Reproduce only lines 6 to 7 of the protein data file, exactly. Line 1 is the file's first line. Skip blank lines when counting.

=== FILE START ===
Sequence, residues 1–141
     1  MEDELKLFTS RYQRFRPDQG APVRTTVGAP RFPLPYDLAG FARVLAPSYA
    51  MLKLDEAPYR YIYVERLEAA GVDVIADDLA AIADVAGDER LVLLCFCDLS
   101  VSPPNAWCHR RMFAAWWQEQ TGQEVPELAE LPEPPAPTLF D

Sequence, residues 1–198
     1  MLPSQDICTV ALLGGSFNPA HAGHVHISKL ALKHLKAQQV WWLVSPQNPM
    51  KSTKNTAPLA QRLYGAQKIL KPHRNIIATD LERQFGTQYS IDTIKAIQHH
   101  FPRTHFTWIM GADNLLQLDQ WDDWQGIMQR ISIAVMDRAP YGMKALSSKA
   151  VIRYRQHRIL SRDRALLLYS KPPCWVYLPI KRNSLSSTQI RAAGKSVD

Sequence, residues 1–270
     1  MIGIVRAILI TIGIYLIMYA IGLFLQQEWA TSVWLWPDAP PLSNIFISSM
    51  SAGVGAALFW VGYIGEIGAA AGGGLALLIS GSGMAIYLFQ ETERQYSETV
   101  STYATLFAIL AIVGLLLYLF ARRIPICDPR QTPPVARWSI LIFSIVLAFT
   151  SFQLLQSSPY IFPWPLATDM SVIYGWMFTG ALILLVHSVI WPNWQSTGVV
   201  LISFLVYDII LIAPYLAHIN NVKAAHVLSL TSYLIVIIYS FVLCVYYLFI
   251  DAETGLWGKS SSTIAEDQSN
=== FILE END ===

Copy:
     1  MLPSQDICTV ALLGGSFNPA HAGHVHISKL ALKHLKAQQV WWLVSPQNPM
    51  KSTKNTAPLA QRLYGAQKIL KPHRNIIATD LERQFGTQYS IDTIKAIQHH